A boy's life hangs in the balance in New Ulm, Minn., this week as a court decides if he should abide by the advice of prominent doctors or that of a group claiming to be American Indian healers whose website the boy's mother says she "found on the Internet."
The Internet is a funny thing. Perhaps Colleen Hauser, the mother of 13-year-old Danny, who has Hodgkin's lymphoma, also looked a little deeper on the Web and discarded critical opinions about the group, the Nemenhah Band, but I doubt it.
Too bad, because Danny's life may depend on it.
If she had, she would have found case files in which Nemenhah's leader, Phillip (Cloudpiler) Landis, who submitted testimony in the case, had been convicted of fraud in two states. Or that another member of the band, James Mooney, won a case that allows him to claim religious exemption from law and sell drugs -- peyote.
Maybe she researched all possibilities and still decided to take the word of a convicted criminal over that of Mayo Clinic doctors?
Calvin Johnson, the attorney for the Hausers, said neither he nor the family were aware of any possible criminal behavior of anyone associated with Nemenhah. And he didn't seem particularly concerned about it. In fact, he bristled at anyone who might question the Hausers' beliefs.
"We don't trample on the quality of someone's religious path," he said. "We don't do that. Danny has a wonderful soul and beautiful heart."
No one disputes the last statement. But many, including Native Americans, take issue with a family that chooses the claims of Landis, who has been convicted of fraud for misleading investors in an alternative-health mushroom-growing business, instead of Mayo Clinic doctors.
One is Al Carroll, a Mescalero Apache, Ph.D.-holding author and Fulbright scholar who moderates a website (www.newagefraud.org) dedicated to exposing people who exploit American Indian traditions for profit.
"I would argue from what I see on their sites that Nemenhah are alt-medicine types who hide behind a laughable pseudo-native facade," Carroll said in an e-mail from Indonesia, where he's teaching about native history. "That's pure Hollywood and New Age nonsense."
The Hausers, who are not Native American, joined the group by paying a fee, now $250, plus $100 monthly. Though the group calls it a donation, they warn members not to "neglect this part of the Adoption Covenant ... if they do, the Nemenhah Band cannot continue in its important work and its offering to Humanity globally."
Nonsense, said Carroll, who calls the group's leaders "plastic shaman[s]."
"No reputable traditional native healer would demand someone deny medical treatment which would save their lives, especially to a child," he said. "It's reprehensible beyond words. Only a crackpot fanatic who thinks modern medicine is part of some type of grand conspiracy would let a young boy die when there are good options to save him."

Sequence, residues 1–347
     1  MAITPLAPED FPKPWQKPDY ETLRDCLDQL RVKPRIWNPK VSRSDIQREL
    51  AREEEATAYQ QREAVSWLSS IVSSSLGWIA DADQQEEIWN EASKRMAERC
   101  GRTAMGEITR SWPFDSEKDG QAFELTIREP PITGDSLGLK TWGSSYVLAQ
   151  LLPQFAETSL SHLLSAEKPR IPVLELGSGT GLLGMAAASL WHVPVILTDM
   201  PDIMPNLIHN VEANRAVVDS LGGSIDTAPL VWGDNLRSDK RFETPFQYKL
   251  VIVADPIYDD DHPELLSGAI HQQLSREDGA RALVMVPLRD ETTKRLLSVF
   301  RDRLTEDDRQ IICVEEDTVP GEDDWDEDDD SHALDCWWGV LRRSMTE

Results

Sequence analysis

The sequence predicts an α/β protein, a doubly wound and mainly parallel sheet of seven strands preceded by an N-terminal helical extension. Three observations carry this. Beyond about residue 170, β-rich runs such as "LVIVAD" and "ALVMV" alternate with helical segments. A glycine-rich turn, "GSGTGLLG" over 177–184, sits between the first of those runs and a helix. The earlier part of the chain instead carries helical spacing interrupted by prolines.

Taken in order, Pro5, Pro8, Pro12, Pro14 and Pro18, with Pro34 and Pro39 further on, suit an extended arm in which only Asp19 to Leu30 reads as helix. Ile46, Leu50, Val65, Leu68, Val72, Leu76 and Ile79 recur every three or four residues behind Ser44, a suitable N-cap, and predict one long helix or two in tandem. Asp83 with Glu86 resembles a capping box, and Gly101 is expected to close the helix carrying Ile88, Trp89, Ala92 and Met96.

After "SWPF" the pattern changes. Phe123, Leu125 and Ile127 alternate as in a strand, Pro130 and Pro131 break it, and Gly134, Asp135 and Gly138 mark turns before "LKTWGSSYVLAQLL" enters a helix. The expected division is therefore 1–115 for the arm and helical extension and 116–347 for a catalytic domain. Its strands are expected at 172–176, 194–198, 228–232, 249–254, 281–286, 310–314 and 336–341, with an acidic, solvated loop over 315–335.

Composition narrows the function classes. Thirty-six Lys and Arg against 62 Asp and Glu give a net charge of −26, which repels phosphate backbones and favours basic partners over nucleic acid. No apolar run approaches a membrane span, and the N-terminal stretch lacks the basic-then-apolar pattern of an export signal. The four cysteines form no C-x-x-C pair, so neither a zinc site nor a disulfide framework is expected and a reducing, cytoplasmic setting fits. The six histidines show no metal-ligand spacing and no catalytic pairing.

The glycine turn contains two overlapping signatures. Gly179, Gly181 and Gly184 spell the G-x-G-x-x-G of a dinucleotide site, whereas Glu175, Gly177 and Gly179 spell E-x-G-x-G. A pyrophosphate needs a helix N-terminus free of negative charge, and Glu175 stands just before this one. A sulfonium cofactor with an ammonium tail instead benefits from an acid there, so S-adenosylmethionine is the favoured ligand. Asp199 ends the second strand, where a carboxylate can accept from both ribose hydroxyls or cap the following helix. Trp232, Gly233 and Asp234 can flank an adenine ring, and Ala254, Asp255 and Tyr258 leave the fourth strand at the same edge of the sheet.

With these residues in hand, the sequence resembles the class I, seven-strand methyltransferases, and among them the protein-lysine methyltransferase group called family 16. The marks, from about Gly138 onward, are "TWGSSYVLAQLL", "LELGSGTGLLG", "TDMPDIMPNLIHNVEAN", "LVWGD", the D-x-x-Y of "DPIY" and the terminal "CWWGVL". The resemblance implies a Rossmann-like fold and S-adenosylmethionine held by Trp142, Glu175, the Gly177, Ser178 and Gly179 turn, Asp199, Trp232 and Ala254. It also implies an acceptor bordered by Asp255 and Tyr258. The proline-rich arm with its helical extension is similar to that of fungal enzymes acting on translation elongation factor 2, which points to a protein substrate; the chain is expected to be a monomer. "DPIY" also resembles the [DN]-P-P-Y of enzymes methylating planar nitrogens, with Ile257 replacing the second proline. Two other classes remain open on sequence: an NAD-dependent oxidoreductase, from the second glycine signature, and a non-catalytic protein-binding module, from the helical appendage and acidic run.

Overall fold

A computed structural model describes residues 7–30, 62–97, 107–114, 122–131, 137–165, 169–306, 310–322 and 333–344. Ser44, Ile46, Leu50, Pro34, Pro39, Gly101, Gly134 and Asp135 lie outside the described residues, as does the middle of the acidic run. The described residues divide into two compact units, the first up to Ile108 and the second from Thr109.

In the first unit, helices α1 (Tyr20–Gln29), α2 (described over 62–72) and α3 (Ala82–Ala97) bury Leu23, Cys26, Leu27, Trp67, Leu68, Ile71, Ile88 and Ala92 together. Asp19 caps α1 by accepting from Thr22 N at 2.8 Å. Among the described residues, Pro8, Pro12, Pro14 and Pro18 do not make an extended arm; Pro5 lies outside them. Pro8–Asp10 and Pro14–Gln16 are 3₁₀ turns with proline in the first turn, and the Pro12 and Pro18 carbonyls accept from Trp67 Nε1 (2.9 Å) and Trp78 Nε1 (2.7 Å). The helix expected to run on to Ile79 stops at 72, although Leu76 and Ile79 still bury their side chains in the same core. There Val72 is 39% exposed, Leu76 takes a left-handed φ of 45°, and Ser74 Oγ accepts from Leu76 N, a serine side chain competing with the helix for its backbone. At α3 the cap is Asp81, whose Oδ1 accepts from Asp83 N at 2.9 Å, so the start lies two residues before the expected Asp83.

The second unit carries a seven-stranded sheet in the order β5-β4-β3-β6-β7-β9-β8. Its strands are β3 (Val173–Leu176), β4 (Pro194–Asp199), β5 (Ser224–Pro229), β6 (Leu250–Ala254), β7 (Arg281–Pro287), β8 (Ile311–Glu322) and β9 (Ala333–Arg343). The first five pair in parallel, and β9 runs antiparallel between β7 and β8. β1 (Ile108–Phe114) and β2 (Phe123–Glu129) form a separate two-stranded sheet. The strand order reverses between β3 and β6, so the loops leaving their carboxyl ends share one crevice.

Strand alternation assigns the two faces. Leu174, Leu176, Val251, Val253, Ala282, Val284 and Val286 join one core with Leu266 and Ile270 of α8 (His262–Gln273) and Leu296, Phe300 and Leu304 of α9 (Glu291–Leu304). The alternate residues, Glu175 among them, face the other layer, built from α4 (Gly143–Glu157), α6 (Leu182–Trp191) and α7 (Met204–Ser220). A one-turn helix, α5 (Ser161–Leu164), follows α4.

Carroll is not alone.
Nemenhah's website and forums refer members to other sites where they can -- surprise -- buy "sacraments" such as oils and herbs. One forum discusses how baking soda can cure cancer.
D'Shane Barnett, special projects officer of the Native American Health Center in California, called that a "pyramid scheme by profit-sharing through a referral program," adding, "This entire organization, Nemenhah and Native American Nutritionals ... is founded on the principles of profiting from the bastardization and tokening of Native American people and practices."
In other words, if Danny's Internet-purchased regimen doesn't work, critics say, he will live a tragically short life, but it won't be because the government interfered with religion. Call it death by multilevel marketing.
During an interview from Missouri, Landis was defiant. He said he has never counseled the Hausers on medical choices. He said that Nemenhah is not a tribe, but rather a church, and that churches frequently disagree with each other.
They also are allowed to take offerings, as are medicine men, he said, adding, "If not, this is not America."
Gabrielle Strong, a Dakota tribal consultant from Morton, Minn., said she doesn't blame the Hausers, but feels sorry for them. "I feel this group is taking advantage of vulnerable people," she said.
Strong, who said her mother is being treated for breast cancer with chemotherapy, along with spiritual remedies, said American Indians are abuzz about the Hauser case, but tribal leaders are hesitant to get involved.
"We are not the kind of people to impose our beliefs on people," she said. Yet, "I feel terrible for this family. This young man's life is on the line, and I wish someone legitimate [from the American Indian community] could talk to them."
So I made an offer to the Hausers through their lawyer: You got second opinions from medical doctors, who agreed chemo was needed. Give it another shot. Strong has said she would help me get you second opinions from Indian leaders in Minnesota familiar with traditional medicine. Then your family could reconsider.
You have my number, counselor. A kid's life is at stake.
Jon Tevlin • 612-673-1702